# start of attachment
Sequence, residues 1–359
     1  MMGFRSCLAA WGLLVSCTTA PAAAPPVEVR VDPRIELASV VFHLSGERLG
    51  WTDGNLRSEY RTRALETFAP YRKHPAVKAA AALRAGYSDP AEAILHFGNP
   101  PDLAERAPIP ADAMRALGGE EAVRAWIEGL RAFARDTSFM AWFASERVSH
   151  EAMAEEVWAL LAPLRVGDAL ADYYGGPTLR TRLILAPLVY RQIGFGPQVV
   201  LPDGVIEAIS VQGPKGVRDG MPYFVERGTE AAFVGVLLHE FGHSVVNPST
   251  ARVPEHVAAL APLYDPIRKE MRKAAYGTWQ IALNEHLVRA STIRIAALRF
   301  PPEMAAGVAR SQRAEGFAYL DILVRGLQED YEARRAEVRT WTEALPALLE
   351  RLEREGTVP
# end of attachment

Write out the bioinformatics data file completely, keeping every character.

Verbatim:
Sequence, residues 1–359
     1  MMGFRSCLAA WGLLVSCTTA PAAAPPVEVR VDPRIELASV VFHLSGERLG
    51  WTDGNLRSEY RTRALETFAP YRKHPAVKAA AALRAGYSDP AEAILHFGNP
   101  PDLAERAPIP ADAMRALGGE EAVRAWIEGL RAFARDTSFM AWFASERVSH
   151  EAMAEEVWAL LAPLRVGDAL ADYYGGPTLR TRLILAPLVY RQIGFGPQVV
   201  LPDGVIEAIS VQGPKGVRDG MPYFVERGTE AAFVGVLLHE FGHSVVNPST
   251  ARVPEHVAAL APLYDPIRKE MRKAAYGTWQ IALNEHLVRA STIRIAALRF
   301  PPEMAAGVAR SQRAEGFAYL DILVRGLQED YEARRAEVRT WTEALPALLE
   351  RLEREGTVP